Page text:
Glass describes the end of his final year at OSU as surreal, claiming that the cliché is true; time truly flies by in college.  However, he was inspired by the obstacles he had overcome as an undergrad, and decided to continue his education at Duke, where he was specifically passionate about breast cancer research.  He notes that grad school is much more research-focused than coursework focused; the goal is to become a better scientist.  "As an undergrad, it's about getting the grades and correctly answering the questions. In grad school, you don't always know the answer.  In fact, you usually don't know the answer. You take an educated guess and test it."  The person with whom he was conducting breast cancer research knew of his involvement with Crossfit and introduced him to Dr. Lee Jones, a Duke professor who was examining the effects of exercise on patients with solid tumors.  This study combined Glass's passion for exercise with his passion for helping cancer patients.

"Specifically, I am investigating the effects of supervised exercise training on breast tumor growth and metastases," he explains.  "There is emerging epidemiological data to suggest that exercise can improve cancer specific mortality, especially in breast cancer."  Glass's goal is to figure out which biological mechanisms are responsible for mediating exercise's effect on breast cancer.  He is studying this effect in both humans and mice.  He hopes that someday, supervised exercise will be incorporated into treatment for cancer patients and survivors.  "I would like to research the effects of exercise combined with targeted therapies for cancer.  Once we find out the targets of exercise, we can rationally combine them with targeted therapies for cancer without added toxicity."

While he has obviously learned a lot from a scientific perspective, his research has also taught him a personal lesson.  "The most interesting thing I have learned during my research is that behind all the test tubes, cell culture dishes, and pipettes is a patient."  Though this may seem obvious to someone unfamiliar with working in a lab, Glass knows perfectly well that it is easy to lose sight of the actual purpose of one's research when overwhelmed by papers, questions, and experiments.  "The scientific world can easily create a smaller world around you, but you have to always remember why you do what you do."  Luckily, he encounters almost constant reminders of why his research is meaningful; he says patients have had very positive experiences with the exercise trials.  Glass insists, "The most rewarding moments occur not from my work alone but the work of our group and the impact that it has on patients."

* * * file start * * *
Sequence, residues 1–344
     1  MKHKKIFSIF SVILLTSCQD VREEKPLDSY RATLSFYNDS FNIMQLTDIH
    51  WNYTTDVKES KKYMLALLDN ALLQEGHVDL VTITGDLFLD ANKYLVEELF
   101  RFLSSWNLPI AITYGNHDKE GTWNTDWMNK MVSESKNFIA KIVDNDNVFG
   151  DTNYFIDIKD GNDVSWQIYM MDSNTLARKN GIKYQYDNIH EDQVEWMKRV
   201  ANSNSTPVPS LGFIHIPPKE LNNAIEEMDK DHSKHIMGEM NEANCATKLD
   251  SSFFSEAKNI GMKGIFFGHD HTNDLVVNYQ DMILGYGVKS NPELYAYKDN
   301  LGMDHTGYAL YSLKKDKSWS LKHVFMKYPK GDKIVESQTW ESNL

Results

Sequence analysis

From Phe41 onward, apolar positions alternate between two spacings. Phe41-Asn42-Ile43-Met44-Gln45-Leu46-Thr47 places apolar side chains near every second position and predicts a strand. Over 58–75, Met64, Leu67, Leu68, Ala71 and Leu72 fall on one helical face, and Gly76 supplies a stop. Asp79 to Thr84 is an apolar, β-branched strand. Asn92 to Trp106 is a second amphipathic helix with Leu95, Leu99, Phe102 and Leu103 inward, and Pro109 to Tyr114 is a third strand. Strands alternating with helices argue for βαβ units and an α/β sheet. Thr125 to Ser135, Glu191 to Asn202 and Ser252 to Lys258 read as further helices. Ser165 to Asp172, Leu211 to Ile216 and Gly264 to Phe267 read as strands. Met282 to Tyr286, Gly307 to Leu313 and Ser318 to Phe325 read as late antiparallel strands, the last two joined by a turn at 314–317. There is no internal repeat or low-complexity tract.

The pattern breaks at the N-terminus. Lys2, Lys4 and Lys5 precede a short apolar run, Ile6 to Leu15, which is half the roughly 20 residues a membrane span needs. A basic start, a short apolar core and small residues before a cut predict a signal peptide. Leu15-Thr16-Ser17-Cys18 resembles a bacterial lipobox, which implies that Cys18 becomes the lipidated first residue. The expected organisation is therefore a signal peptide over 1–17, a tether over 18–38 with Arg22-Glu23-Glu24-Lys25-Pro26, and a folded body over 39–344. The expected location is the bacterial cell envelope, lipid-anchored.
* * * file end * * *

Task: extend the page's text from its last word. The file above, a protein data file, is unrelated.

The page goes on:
In the future, Ollie Glass sees himself either becoming a professor at a university pursuing translational research in exercise oncology or working in industry to improve cancer drug efficacy and toxicity.  Either way, his work will undoubtedly prove beneficial to those struggling with cancer.  "Right now," he says, "I am following my passion and interests, and who knows where that leads? As long as you enjoy what you are doing, then the rest will fall into place."